By the Numbers: Annulments
Year-to-year there are more annulment cases introduced in the United States than in any other country in the world. In the most recent data available from the Annuarium Statisticum Ecclesiae (ASE), 49% of the annulment cases initiated in 2012 were in the United States. Poland, Italy, and Brazil have the next largest numbers of cases.
The number of annulment cases introduced each year is declining. In 1990 there were 72,308 cases introduced in the United States. Since this time the number of cases has fallen by 67% to 24,010. In part this is related to fewer divorcing and fewer ever marrying. The U.S. share of cases has also declined. More than three in four annulment cases introduced globally in 1990 were from the United States.
What hasn’t changed much is the percentage of U.S. annulment cases decided in a given year resulting in a decision in favor of nullity. In most years since 1980 this has typically fluctuated between 85% and 92%. In 2012, nine in ten cases resulted in a ruling of nullity. The most common reasons for findings in favor of nullity are for invalid consent. On average, about three in four U.S. annulments are granted on this basis. A recent CARA survey of adult Catholics found that only 15% of Catholics who had experienced divorce have ever sought an annulment. Catholics are slightly less likely to divorce than married people of other faiths or no affiliation. About 5.8 million currently married Catholics in the U.S. have experienced divorce at some point in their life (note: an unknown number have received an annulment). This population currently represents about one in five of all married Catholics (19%) and one in ten of all adult Catholics (10%).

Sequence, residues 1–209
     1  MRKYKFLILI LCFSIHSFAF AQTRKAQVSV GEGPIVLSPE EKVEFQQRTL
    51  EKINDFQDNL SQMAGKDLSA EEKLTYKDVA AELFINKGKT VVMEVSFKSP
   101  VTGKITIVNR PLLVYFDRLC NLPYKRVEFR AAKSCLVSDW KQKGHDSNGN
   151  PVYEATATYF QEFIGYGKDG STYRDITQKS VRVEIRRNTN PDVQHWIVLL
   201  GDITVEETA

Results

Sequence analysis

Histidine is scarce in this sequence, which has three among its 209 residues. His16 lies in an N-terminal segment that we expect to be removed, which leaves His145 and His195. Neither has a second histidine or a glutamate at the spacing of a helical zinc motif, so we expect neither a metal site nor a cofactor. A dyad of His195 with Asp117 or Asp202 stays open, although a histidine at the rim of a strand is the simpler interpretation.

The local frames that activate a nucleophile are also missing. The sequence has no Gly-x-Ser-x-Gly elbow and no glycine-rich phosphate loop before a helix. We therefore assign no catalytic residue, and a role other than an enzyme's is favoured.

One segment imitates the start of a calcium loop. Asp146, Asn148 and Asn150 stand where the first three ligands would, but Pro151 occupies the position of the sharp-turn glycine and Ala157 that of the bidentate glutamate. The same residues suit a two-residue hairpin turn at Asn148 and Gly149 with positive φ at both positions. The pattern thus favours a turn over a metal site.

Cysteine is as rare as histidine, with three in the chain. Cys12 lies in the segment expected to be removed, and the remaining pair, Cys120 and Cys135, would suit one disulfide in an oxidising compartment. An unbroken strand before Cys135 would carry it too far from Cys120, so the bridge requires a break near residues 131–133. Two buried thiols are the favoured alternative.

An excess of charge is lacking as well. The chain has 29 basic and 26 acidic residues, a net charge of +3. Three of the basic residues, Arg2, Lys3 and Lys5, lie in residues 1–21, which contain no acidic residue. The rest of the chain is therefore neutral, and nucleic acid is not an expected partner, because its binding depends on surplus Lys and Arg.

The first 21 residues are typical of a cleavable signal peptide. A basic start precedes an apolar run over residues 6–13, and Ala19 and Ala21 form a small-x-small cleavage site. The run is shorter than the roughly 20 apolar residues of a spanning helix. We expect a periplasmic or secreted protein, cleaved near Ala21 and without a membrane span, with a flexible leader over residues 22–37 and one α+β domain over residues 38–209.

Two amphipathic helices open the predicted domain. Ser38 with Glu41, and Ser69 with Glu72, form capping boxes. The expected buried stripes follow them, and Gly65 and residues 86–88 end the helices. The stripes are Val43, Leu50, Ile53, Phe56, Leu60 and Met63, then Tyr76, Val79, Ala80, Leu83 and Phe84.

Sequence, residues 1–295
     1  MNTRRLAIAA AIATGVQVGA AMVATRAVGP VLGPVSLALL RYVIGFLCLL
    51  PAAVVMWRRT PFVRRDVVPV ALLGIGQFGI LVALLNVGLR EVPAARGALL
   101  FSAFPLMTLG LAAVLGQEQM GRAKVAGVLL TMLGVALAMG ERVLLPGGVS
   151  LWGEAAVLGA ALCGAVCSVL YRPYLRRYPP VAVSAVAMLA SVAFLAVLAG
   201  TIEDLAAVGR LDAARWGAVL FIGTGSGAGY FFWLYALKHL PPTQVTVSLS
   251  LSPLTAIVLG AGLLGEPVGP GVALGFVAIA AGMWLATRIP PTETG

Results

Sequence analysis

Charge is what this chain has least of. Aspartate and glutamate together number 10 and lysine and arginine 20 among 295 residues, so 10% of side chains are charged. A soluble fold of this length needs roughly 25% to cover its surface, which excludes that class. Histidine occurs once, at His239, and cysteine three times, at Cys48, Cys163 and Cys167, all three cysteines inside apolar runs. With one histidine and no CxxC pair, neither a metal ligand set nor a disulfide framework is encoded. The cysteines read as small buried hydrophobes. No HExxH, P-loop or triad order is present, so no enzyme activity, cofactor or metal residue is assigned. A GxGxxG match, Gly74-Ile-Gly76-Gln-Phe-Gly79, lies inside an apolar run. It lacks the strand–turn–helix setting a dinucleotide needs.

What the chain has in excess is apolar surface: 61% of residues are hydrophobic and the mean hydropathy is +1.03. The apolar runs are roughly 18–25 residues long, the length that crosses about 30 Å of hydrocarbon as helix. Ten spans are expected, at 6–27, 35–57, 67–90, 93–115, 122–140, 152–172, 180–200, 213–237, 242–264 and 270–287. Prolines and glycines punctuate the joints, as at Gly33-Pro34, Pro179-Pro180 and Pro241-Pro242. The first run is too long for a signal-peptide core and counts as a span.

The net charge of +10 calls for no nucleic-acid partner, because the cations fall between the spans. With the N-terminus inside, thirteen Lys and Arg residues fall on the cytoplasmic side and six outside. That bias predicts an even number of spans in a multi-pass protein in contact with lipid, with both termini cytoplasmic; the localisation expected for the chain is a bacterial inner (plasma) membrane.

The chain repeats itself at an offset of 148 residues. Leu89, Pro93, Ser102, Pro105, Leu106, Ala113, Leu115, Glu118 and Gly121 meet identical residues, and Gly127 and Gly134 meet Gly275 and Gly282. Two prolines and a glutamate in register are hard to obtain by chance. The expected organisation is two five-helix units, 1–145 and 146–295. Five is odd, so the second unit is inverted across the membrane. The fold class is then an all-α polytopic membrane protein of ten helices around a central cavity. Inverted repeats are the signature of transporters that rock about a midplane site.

Fifty Years of Church research
CARA is celebrating its 50th Anniversary! Although usually considered a product of the Church's increasing openness to science and research resulting from the Second Vatican Council, CARA's origins go back even farther. As early as 1951 the superiors of U.S. missionary institutes called for a national research center to help reshape the missioner's role in the emerging churches of the developing world. But the immediate impetus for such an organization was an article in 1961 by Richard Cardinal Cushing, on "The Modern Challenge of the Missions," in the newspaper of the Archdiocese of Boston. Subsequently the major superiors of mission-sending orders voted about $5,000 to evaluate the need for "A Catholic Center for Coordinated Research and Cooperation." A study group delivered a favorable report in late 1963. CARA was officially incorporated in the District of Columbia on August 5, 1964. Its founding board of directors included Archbishop (later Cardinal) John P. Cody and Bishop (later Archbishop) Fulton J. Sheen of the Propagation of the Faith. CARA's founding documents established principles that have guided the organization for 50 years. In summary form, these are to gather new information, to store and retrieve such, and to disseminate useful data for practical use by Church decision makers. Two additional principles soon became CARA hallmarks: absolute independence and objectivity. As one commentator put it, CARA's objective is "to search dispassionately for truth."
Trends Among Religious Institutes of Women
CARA Special Report, Fall 2014
CARA has completed a longitudinal study of women religious in the United States drawing on data reported by the religious institutes of women listed in the Official Catholic Directory (OCD). The contributions of women religious in the United States continue to be evident today in Catholic institutions of education and healthcare across the country, but there are, and have been, countless other contributions as well. Over the years, these valiant women have adapted to changing circumstances and forged ahead despite challenges to their way of life and ministry. The U.S. Catholic Church is indebted to the ministerial efforts and sacrifices made by women religious in the past and present. This CARA Special Report is an effort to disentangle the story of women religious in the United States that is hidden in the numbers.